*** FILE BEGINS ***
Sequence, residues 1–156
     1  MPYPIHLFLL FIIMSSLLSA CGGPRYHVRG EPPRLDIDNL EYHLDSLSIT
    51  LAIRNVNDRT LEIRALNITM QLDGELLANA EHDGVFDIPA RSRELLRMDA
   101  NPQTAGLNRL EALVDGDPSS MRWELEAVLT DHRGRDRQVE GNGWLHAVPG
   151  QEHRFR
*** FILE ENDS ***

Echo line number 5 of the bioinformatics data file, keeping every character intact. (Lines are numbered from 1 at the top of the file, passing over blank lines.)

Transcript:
   151  QEHRFR